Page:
Back in the 90s when welfare reform got enacted, a chorus of cries went up from the Left, loudly proclaiming that the heartless cutbacks would throw millions of innocent children into poverty and starvation. Even New York Senator Daniel Patrick Moynihan, justly famous prior to that time for educating people on the destructive effects of welfare dependency, joined the chorus. In early 1996 Moynihan took to the floor of Congress to deliver a famous speech opposing the welfare reform then about to be passed. Here are some excerpts (from a March 1996 article in First Things):
Welfare reform proposals in Congress, especially provisions to put time limits on the reception of benefits, “will produce a surge in the number of homeless children such that the current problem of ‘the homeless’ will seem inconsequential,” declares Moynihan. Then comes the most stark and chilling statement of his counsel of despair: “I believe our present social welfare system is all but overwhelmed. . . . Hundreds of thousands of these children live in households that are held together primarily by the fact of welfare assistance. Take that away and the children are blown to the winds. [An] Administration analysis concludes that the welfare conference agreement [between House and Senate] will force 1.5 million children into poverty."
Then the welfare reform became law, and to literally everyone's surprise, child poverty went down. And not by a little. A study by Heritage in 2003 found that the poverty rate for black children went down from 41.5% in 1995 to about 30% in 2000. Here is their chart:
I will admit that I too was surprised at the time, but that's because this was before I started getting into the numbers and understanding how this works. Then I studied up a little and learned how it works, and I had the aha! moment. You can have it too. Here's how it works:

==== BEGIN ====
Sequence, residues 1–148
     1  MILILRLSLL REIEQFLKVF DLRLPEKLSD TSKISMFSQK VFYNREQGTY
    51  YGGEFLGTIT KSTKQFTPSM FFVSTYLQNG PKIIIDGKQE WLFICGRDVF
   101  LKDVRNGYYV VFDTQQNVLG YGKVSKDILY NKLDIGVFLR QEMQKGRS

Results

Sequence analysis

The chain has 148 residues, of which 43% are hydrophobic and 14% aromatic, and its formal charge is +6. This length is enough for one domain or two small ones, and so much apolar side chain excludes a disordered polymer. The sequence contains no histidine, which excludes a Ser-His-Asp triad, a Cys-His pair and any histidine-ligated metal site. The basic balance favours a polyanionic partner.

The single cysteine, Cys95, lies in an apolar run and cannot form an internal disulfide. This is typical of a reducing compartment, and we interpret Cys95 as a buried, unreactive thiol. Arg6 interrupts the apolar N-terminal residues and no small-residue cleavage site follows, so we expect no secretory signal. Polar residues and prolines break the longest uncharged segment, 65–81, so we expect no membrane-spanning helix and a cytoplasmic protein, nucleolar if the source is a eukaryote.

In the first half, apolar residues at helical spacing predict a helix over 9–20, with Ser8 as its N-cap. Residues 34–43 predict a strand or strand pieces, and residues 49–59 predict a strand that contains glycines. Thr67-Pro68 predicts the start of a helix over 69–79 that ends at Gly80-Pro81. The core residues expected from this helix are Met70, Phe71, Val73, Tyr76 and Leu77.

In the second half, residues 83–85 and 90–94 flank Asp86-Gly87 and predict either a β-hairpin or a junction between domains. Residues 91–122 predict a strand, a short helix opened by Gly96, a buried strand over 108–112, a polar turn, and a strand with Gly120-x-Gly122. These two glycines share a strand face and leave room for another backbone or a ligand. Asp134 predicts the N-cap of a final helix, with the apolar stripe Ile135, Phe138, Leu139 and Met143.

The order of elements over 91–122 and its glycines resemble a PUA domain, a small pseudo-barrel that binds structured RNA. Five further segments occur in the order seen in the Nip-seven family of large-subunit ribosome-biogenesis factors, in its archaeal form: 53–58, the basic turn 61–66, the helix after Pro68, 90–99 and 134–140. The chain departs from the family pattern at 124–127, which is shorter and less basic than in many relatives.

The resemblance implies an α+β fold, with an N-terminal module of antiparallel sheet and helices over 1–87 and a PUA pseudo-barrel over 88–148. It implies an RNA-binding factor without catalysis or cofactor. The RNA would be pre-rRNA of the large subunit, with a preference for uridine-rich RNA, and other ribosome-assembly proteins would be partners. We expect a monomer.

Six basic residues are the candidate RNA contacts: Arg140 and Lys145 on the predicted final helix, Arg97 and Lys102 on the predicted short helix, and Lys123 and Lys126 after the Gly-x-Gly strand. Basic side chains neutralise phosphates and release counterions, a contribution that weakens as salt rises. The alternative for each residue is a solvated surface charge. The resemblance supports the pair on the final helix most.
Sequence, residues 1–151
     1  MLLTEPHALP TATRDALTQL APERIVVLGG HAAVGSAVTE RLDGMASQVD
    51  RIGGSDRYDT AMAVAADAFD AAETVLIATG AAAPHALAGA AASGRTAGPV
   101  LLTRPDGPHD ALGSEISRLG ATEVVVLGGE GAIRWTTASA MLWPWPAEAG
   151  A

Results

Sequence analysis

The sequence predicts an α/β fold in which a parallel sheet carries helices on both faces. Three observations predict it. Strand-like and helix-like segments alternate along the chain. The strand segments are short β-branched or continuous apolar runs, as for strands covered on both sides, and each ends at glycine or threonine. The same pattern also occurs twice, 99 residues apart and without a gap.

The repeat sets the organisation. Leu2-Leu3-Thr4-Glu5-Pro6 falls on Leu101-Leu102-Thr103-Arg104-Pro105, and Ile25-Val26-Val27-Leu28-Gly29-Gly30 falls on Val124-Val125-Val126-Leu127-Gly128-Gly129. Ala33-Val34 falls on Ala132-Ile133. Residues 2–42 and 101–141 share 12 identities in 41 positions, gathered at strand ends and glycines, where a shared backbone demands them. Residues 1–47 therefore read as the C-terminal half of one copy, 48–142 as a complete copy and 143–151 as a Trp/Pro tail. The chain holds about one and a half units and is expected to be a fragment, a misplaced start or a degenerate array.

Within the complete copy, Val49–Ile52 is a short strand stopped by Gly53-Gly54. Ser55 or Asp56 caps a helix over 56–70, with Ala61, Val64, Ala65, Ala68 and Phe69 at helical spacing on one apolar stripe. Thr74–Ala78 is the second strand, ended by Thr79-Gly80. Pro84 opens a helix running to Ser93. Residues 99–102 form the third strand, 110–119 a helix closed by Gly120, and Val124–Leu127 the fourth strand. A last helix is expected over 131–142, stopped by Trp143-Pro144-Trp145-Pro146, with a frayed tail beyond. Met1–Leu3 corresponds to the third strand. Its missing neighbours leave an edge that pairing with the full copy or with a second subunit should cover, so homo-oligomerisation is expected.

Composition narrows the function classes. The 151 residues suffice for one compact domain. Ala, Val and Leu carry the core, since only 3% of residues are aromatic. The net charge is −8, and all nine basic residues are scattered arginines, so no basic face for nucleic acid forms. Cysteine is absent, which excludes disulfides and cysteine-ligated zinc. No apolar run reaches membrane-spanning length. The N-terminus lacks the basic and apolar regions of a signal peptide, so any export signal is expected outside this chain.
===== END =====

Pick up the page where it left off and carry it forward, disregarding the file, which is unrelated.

The government "antipoverty" programs are specifically and intentionally designed to make absolutely sure that nobody who takes the handouts ever escapes from poverty. Far and away most of the government handouts are either post-tax or in-kind rather than cash (examples: food stamps, public housing, Medicaid, EITC, clothing and energy assistance). The official definition of "poverty" excludes all post-tax and in-kind benefits. Then there are benefits distributed in cash, notably TANF and SSI. These things count in the definition of "poverty," but the level of the handouts is very specifically and precisely set to be sure that it is always just below any applicable poverty thresholds.
Now why would the government intentionally design "anti-poverty" programs to keep the level of measured "poverty" up? Do you think that it doesn't make any sense? If so, then you understand nothing about how bureaucracies work. In fact it makes perfect sense. If the number of people in "poverty" actually shrank, then the public's willingness to support huge anti-poverty spending would shrink, and the bureaucracies would be threatened. From the bureaucracy's perspective, it is absolutely essential that the number of people counted as being in poverty be kept high.